The State College Borough Water Authority staff and board are comfortable with the Cottages.

The State College Borough Water Authority has released a statement on the proposed Toll Brother development. At the Ferguson Township board’s first meeting in July I asked Steven Jackson, the Ferguson liaison to the State College Borough Water Authority, to request that the authority address the issue of risk from the Cottages development. Two weeks ago I reissued that request in person to the SCBWA board at their monthly meeting. This followed a May Spring Creek Watershed Commission meeting where I asked SCBWA’s consulting hydrogeologist Dave Yoxtheimer whether the development presented an imminent risk to the water. He said it was not. But between then and now, the Commonwealth Court overturned a lower court ruling, the Whitehall Road encampment started, rumors of the Toll Brothers hunting for hydrogeologists to do studies had seeped into the public, and there was a lot of whispering around the corner. I thought it prudent to ask directly, as Ferguson Township supervisor Janet Whitaker had done two years ago, for a clarifying statement from the SCBWA.

They obliged yesterday:

SCBWA Position On Springton Point
Updated July 31, 2017 – 3:34pm

The State College Borough Water Authority would like to reiterate and clarify our position on the proposed Toll Brothers development along Whitehall Road. The Authority’s role is not to support, approve, or deny land development projects. We do not have the legal standing to make land use, planning, or zoning decisions. However, the Authority is always willing to participate in these discussions during the development stages. Our mission is to provide clean, safe water.

When the Toll Brothers development was first proposed, the Authority was not asked to participate in the review process, as it was not our role. As the review process moved forward, Ferguson Township as well as the public requested that the Authority review the proposed development. Through this review process, the Authority staff and consultants prepared a list of items that we thought should be addressed. Over the course of the review process, 27 items of concern were brought to the attention of the developers and the township. These items included: obtaining local geophysical information necessary for planning, design, placement, and construction of retention and infiltration ponds; establishing a no-blasting policy; limiting the use of fertilizers, pesticides, and herbicides; and provisions for the Authority to participate in construction and post-construction monitoring. Geotechnical and engineering services were provided to Ferguson Township and Toll Brothers at a cost of approximately $50,000 to the Authority. The developer and the township have included all of these requests in their plans. As a result, the Authority staff and board are comfortable with the development as planned and believe that risk to the source water has been reduced.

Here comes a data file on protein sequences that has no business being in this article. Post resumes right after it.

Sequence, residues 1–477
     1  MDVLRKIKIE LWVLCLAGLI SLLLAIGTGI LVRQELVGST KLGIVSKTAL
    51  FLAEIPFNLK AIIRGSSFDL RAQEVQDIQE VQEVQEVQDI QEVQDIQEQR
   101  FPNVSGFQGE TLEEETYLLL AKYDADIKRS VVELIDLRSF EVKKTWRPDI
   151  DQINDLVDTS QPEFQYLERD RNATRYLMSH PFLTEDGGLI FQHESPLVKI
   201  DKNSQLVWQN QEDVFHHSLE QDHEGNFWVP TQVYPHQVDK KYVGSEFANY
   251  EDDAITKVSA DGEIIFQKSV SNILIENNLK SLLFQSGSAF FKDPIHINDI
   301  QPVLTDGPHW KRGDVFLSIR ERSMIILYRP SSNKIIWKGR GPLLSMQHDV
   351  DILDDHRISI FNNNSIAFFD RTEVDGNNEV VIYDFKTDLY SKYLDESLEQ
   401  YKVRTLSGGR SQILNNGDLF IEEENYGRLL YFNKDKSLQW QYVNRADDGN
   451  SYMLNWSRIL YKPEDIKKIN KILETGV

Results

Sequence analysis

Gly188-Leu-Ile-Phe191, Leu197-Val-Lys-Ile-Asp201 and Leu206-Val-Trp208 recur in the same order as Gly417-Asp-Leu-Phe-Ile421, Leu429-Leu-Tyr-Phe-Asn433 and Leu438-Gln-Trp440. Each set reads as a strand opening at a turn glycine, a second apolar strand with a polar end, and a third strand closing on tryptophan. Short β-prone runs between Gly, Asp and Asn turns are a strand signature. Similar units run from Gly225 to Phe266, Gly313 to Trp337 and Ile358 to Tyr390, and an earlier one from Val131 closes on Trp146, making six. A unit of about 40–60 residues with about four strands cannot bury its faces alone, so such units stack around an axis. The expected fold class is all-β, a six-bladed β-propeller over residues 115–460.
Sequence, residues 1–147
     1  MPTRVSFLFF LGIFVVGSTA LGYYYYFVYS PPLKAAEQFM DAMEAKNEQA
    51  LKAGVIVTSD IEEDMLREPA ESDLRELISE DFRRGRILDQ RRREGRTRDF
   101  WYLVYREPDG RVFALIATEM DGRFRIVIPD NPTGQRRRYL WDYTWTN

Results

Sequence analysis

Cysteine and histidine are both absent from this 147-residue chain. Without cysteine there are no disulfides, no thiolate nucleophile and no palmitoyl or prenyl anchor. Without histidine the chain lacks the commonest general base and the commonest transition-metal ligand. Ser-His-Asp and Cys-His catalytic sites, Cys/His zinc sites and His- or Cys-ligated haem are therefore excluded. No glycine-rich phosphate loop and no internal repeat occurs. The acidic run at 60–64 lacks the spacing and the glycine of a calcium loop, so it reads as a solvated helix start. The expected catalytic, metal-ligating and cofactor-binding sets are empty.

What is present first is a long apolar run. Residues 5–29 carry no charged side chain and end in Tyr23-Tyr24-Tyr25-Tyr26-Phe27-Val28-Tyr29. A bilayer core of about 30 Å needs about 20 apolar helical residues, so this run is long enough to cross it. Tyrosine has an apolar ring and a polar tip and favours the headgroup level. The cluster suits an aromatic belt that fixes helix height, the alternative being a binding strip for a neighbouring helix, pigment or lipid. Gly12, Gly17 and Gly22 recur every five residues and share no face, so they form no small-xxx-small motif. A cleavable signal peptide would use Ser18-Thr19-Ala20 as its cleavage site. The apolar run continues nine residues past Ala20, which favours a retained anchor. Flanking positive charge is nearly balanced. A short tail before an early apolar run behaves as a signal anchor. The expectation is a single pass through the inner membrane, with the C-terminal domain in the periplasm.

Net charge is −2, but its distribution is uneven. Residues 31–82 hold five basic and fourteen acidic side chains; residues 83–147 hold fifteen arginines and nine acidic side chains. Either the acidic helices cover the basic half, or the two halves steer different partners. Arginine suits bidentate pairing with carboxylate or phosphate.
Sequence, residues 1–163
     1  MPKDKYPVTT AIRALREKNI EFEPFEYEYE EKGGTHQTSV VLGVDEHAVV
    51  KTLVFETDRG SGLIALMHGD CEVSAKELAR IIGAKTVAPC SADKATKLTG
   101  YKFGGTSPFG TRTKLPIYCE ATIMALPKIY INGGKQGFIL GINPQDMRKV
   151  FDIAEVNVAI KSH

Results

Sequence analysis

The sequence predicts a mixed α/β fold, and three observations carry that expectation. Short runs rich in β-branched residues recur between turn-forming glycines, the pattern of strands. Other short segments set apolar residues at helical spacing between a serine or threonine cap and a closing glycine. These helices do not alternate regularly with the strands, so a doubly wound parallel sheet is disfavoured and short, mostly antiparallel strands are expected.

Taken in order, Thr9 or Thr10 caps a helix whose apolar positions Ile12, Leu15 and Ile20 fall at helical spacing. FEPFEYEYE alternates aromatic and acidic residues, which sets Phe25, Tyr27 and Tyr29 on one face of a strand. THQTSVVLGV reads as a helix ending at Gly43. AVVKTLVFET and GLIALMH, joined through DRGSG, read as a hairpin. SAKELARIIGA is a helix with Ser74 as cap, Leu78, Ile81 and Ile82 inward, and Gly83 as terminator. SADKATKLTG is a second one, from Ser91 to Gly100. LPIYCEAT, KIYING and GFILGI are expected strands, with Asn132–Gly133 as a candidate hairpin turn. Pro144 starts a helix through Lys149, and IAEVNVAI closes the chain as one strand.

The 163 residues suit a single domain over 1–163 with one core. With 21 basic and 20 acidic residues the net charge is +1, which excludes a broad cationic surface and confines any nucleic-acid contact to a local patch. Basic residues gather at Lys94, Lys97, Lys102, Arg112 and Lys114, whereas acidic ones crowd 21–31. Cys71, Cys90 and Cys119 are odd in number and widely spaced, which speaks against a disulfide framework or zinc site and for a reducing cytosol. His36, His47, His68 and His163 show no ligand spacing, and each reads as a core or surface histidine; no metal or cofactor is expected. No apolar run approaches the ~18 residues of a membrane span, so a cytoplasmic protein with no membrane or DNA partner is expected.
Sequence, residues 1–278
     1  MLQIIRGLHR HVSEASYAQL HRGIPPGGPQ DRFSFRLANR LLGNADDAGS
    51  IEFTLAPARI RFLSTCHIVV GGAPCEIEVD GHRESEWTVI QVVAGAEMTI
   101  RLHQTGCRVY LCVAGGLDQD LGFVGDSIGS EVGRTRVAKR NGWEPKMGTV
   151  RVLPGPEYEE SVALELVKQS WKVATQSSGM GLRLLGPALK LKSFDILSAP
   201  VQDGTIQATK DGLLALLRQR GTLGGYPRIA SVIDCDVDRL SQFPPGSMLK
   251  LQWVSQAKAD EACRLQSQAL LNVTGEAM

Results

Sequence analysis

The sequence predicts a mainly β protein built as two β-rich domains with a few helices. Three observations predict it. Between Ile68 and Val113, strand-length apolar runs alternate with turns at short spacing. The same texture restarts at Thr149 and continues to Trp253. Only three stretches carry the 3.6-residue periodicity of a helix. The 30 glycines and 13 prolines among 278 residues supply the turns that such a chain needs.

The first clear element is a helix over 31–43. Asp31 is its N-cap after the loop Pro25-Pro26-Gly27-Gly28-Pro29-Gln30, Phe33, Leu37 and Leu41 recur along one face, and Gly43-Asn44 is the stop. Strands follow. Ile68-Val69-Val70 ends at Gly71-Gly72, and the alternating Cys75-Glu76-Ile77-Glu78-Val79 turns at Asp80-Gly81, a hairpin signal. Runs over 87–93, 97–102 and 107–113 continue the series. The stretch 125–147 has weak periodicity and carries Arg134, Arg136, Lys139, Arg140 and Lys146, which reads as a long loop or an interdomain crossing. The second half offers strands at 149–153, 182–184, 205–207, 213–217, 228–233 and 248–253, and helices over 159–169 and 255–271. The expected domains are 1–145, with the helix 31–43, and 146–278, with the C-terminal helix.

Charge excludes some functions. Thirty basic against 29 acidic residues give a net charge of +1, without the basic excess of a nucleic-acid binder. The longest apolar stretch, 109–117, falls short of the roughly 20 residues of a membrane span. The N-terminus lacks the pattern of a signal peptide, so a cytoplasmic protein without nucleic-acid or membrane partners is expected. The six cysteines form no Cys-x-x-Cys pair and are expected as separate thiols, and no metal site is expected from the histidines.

My feelings on the SCBWA’s statement are immaterial. It doesn’t matter if I like what they said or if it makes me feel good or not. This isn’t an issue of wanting them to say there are imminent water risks (though it would be really convenient for stopping the development). They have supplied the community and me with exactly what I had asked for: a statement regarding their view of the risks. As they say, they “are comfortable with the development as planned and believe that risk to the source water has been reduced.”

None of this means that the SCBWA likes the development, that they want development encroaching nearer to Zone 1 of the Thomas and Harter wells, or anything else. It simply sets aside the idea that the SCBWA really thinks that the Cottages are bad for water and that they are waiting to speak out against it. It doesn’t surprise me either as I’ve written before. My discussions with hydrogeologists and other experts in the area have informed my judgment that the Cottages don’t present an imminent threat to our wells*. But I still fully believe that the problem is longer-term as the hydra of development eats away at farms and wood lots as developers chase the white whale and try to get us to be their crew. No thanks.

*NOTE: You can backtrack through my statements on “Toll Brothers” to see how my position has gone from alarmed about water to concerned but even more alarmed about pressure on the growth boundary and the preservation of high-quality land.


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